An unfortunate part of my caseload, as a Michigan driver's license restoration lawyer, is handling ignition interlock violations. I have written about the various kinds of violations in some detail, but always from the point of view of the lawyer in my role of representing someone at a hearing before the Michigan Secretary of State Administrative Hearing Section (now the AHS, formerly the DAAD). In this article, I hope to reach out to someone looking for an answer to a question like "What should I do right now?" If your machine has just given a false-positive reading, or you have had something like a start-up failure, a missed rolling retest, car trouble (like a dead battery) or work done on the car, let's quickly look at some steps you can take to immediately make things better.
Start-up failure: If you have a start-up failure, you need to retest right away. Rinse your mouth out with water, wait a few minutes, and then try again. Whatever else, DO NOT just leave your car and go to work or school. I don't care if you have the President of the United States waiting for you, if you cannot get a clean test and start your car, get your butt to the nearest police station and take a PBT (portable breath test). It can cost anywhere from $5 to $15, but if you have not been drinking, this will be the best money you ever spent. That PBT needs to be done right away; a test taken an hour after a failed interlock test is pretty much useless.
DO NOT sit on the phone wasting time with the interlock company; go get that test now. The sad reality is that pretty much all the time you will spend on the phone with the interlock folks will do nothing. I have NEVER seen a violation situation where anything useful came from time spent on the phone with the interlock people, and I've handled more interlock violation cases that you could count. At best, they'll tell you what I just did. They have no magic "fix" they can send down the line, and no way to instantly verify that you haven't been drinking. They are terrible at documenting anything; in any case where I need to prove a person made calls to his or her interlock company, I have the client pull his or her phone bill, although that "proof" is almost never directly important. Even then, all we can prove is that a call was made. Think about it; even if the interlock people took copious notes, all those notes would say is something like "Customer called and claimed he/she wasn't drinking and that unit malfunctioned. Told customer to rinse mouth and retest and/or take breath test at nearest police station." That is of precisely zero value in proving that you didn't drink, while precious time you could spend actually spend getting a breath test that proves your claim that just ticks away.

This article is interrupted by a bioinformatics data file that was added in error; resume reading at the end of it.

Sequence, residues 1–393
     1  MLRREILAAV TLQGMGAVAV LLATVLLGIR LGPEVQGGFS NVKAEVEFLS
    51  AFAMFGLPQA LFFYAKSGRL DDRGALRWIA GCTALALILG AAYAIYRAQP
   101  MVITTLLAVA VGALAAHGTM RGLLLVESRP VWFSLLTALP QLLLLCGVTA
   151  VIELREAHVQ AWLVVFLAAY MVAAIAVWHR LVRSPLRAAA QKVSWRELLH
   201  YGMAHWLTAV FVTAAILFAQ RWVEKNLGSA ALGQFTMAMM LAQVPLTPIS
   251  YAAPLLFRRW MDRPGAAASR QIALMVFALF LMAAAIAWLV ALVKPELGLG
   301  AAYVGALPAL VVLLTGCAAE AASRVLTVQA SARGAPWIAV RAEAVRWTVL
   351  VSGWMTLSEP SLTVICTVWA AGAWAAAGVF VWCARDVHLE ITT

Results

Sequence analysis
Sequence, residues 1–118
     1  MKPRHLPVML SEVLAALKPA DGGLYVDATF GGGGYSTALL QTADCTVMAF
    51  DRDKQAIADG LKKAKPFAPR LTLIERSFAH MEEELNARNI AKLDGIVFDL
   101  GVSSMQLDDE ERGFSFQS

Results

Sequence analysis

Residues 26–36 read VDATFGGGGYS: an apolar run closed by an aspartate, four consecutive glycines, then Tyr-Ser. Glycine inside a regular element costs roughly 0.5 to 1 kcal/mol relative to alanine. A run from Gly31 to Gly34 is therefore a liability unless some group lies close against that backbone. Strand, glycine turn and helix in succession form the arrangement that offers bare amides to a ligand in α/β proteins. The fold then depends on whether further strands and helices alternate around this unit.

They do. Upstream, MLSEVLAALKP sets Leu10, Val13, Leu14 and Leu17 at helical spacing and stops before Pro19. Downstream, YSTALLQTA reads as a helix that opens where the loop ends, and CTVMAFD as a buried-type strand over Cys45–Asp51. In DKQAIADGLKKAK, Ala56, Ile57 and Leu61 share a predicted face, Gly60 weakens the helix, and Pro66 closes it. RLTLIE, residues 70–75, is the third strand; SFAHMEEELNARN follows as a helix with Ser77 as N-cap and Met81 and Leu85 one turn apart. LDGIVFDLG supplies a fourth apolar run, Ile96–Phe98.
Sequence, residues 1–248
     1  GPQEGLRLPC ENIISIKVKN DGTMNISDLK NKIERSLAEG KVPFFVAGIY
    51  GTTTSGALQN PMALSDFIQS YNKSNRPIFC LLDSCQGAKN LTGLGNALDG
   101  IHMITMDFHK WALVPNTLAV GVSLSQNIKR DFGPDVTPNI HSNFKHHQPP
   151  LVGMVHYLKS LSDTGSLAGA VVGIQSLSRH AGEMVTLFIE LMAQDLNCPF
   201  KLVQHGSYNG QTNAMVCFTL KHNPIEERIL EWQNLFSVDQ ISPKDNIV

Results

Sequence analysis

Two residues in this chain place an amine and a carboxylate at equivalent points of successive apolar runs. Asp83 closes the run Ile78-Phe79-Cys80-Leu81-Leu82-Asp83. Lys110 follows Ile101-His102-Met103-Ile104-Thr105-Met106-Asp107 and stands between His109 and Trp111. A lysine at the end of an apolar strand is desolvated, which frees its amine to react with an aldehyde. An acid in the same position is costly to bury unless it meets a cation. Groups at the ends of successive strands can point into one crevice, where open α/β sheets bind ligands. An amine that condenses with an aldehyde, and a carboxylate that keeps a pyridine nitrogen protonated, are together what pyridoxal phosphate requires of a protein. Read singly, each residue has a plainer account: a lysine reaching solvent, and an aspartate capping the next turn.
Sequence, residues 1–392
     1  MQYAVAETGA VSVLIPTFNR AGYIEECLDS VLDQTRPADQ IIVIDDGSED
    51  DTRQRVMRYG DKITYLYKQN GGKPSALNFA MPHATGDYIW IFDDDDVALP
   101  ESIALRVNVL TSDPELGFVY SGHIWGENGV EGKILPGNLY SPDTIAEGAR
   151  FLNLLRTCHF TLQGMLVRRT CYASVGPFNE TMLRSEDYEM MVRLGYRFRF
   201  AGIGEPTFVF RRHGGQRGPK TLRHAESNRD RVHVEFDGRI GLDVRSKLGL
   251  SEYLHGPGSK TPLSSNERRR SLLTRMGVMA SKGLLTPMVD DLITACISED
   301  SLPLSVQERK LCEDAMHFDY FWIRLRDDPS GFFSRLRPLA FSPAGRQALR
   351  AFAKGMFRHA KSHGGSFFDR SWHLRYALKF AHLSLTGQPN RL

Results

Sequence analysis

Positive rolling retest: This should be treated the same way as a start-up failure, to the extent possible. In the real world, people often blow a positive number for a few minutes here and there, but when those numbers are really low and then they go away by the next test, and there is no violation. If, however, your results cause a violation, or don't dissipate quickly, the key thing is to get a PBT test right away. If some circumstance prevents you from getting a PBT within a very short period of time, then get an EtG test that same day, or the next. If you're unclear about where to go, chances are you can call the probation department at the court where you had your last DUI, or even the probation department of a court near wherever you are, and find out what lab or testing facility they use to have these tests done. Most EtG tests will go back a few days to prove you haven't been drinking.